Montpelier, VT – The Vermont Natural Resources Council (VNRC) and Vermont Conservation Voters (VCV) applaud the Vermont Legislature for making historic investments in climate action, clean water, affordable housing, broadband, and other critical programs that will benefit Vermont’s people, environment, and communities. 

“We are in a historic moment. State lawmakers today committed to unprecedented levels of investment in a better and more equitable Vermont, as they allocated federal funds to fight climate change, build smart growth affordable housing, clean up polluted waters, and support the state’s farm and forest economy,” said Brian Shupe, Executive Director of VNRC.  “These investments will make Vermont’s communities, and our environment, stronger,” he continued.

By making strategic and forward-looking use of one-time federal funds from the American Rescue Plan Act (ARPA), the state budget includes significant investments in weatherization funding and clean energy programs for low- and moderate-income households; more affordable and accessible transportation options; and programs that will help ensure clean water for all while modernizing our outdated water infrastructure. The budget also invests in programs that will enhance affordable housing, and the economic viability of the state’s downtowns and village centers by promoting smart growth in these areas while maintaining natural areas and our working lands.

Job-Creating, Cost-Cutting Investments in Climate and Clean EnergyThe Legislature committed an unprecedented amount of funding: $250 million in climate and clean energy programs that will put Vermonters to work, save people money on their monthly energy bills and begin to address disproportionate energy burdens and other historic inequities. This historic investment in building a clean energy economy will be critical in the state’s successful implementation of the Climate Action Plan, which is being developed following the enactment of the Global Warming Solutions Act last fall. 

“This is a huge day for Vermont, as we meet the climate crisis head-on and work to build a healthier, more resilient, and more equitable economy together,” said Lauren Hierl, Executive Director of Vermont Conservation Voters.

The state budget included increased funding for low- and moderate-income weatherization programs, funding for low-income renewable energy programs, and support to help Vermonters and communities access clean and efficient energy solutions. The Transportation bill included increased incentives to help more people access high-efficiency and electric vehicles, EV charging stations, fare-free public transit, and electric bikes.

Unprecedented investments in clean water

Building on the state’s long-time commitment to cleaning up polluted waters and modernizing our water infrastructure, lawmakers today put forward an unprecedented level – $225 million – of clean water funding over the next three years.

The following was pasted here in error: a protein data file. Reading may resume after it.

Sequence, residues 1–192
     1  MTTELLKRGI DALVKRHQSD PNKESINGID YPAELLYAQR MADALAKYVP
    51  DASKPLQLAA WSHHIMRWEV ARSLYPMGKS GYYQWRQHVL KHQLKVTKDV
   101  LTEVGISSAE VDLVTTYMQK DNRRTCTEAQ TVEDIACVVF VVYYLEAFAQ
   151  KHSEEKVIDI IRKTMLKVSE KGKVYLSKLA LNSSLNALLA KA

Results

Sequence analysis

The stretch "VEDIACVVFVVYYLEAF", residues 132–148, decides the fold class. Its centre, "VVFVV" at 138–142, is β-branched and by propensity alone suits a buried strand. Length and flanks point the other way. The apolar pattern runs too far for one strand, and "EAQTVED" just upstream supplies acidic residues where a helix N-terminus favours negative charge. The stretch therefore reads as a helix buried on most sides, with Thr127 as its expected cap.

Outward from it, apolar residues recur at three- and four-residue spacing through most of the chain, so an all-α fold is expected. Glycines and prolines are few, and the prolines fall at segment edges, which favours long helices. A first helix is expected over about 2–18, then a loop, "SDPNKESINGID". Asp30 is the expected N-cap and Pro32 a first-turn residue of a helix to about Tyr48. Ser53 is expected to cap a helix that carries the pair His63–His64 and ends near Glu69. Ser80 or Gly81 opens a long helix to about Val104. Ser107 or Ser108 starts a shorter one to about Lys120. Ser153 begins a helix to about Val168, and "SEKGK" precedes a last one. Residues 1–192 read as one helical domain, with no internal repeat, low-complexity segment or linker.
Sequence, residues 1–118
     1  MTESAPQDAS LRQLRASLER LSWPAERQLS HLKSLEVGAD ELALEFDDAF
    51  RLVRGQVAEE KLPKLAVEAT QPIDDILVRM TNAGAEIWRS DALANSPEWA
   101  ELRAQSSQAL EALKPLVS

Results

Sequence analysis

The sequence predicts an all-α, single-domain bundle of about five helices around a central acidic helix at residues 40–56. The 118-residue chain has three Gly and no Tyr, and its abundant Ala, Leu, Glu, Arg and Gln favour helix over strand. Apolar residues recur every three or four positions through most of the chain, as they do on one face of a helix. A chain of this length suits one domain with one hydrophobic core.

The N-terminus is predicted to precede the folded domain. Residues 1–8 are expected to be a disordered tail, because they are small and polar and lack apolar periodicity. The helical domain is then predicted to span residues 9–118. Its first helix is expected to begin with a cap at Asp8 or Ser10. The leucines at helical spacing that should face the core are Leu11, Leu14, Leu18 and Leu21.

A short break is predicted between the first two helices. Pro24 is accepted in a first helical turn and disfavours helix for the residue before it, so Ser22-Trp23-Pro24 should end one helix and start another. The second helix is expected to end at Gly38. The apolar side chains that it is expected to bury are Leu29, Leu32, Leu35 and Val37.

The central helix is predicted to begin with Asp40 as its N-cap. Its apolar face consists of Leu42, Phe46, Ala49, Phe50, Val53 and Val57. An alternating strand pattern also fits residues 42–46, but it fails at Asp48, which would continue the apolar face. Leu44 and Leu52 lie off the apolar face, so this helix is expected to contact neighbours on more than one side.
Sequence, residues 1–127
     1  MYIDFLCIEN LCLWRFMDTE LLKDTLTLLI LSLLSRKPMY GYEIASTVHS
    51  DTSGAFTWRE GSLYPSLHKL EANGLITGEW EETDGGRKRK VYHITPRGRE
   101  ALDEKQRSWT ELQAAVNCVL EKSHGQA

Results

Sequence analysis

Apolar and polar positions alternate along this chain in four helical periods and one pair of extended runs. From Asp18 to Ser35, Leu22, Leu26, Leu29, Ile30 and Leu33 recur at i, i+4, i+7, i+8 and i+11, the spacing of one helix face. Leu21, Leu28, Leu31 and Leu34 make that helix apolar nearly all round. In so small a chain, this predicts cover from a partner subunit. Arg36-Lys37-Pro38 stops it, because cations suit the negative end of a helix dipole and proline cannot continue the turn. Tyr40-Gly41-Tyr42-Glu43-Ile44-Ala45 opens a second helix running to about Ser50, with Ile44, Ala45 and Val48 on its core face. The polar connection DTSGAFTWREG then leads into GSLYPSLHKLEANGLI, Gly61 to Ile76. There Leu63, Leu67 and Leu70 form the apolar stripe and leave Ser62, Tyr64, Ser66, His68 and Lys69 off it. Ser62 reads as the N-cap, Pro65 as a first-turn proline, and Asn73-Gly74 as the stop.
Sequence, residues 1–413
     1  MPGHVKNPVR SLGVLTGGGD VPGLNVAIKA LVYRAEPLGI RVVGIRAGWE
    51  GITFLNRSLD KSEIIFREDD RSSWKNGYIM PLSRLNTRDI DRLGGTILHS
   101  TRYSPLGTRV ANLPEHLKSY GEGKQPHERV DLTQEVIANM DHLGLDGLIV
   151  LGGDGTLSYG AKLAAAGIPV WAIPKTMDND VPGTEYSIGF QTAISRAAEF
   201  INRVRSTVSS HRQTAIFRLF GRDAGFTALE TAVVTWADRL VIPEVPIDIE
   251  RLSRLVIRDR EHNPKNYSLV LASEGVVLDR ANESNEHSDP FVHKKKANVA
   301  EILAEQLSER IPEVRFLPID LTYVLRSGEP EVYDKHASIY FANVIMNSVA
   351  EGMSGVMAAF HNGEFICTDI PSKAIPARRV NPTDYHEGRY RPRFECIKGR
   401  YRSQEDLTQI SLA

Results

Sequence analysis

The budget maintains the state’s critical annual investment in the Clean Water Fund, which is focused on cleaning up Lake Champlain and other polluted waters. The budget also allocated $115 million in ARPA funding to help modernize our drinking water and wastewater systems, address combined sewer overflows, remove toxic contaminants from water supplies, implement dam safety projects, and address other water infrastructure needs.

Significant investments in affordable housing and Vermont’s downtowns, working lands, parks, and natural areas

“In today’s budget, the Vermont Legislature made a strong commitment to supporting key economic revitalization, land conservation, and land use programs that further the state’s smart growth goals,” said VNRC’s Executive Director Brian Shupe. 

In particular, Shupe cited a historic multi-year investment for the Vermont Housing and Conservation Board at $94 million, and one-time increases of $3 million for the Working Lands Enterprise Fund and $2 million to state parks. Other programs were funded that support our downtowns and villages: $1.5 million for the Better Places programs, $5 million for transportation grants in Vermont’s downtowns and villages, and $11 million to clean-up contaminated “brownfield” sites.

“We are pleased to see the Legislature’s strong commitment to investing in Vermont’s communities – including our historic downtowns and villages, enhancing access to affordable housing, while protecting natural areas and our working lands. These expenditures are especially important as we recover from the COVID-19 pandemic and prepare for other health, economic, and environmental challenges that lie ahead,” said Shupe. 

Hierl added, “The budget passed by the Legislature today makes an unprecedented and important statement about the need to invest in climate action, clean water, broadband, affordable housing, and the economic viability of our downtowns and working lands. We are celebrating this moment, and we also look forward to partnering with the state of Vermont as we make the most of this opportunity to build a foundation toward a more sustainable and equitable state.”

Brian Shupe, VNRC,, 802-498-5300
Lauren Hierl, VCV,, 860-670-2629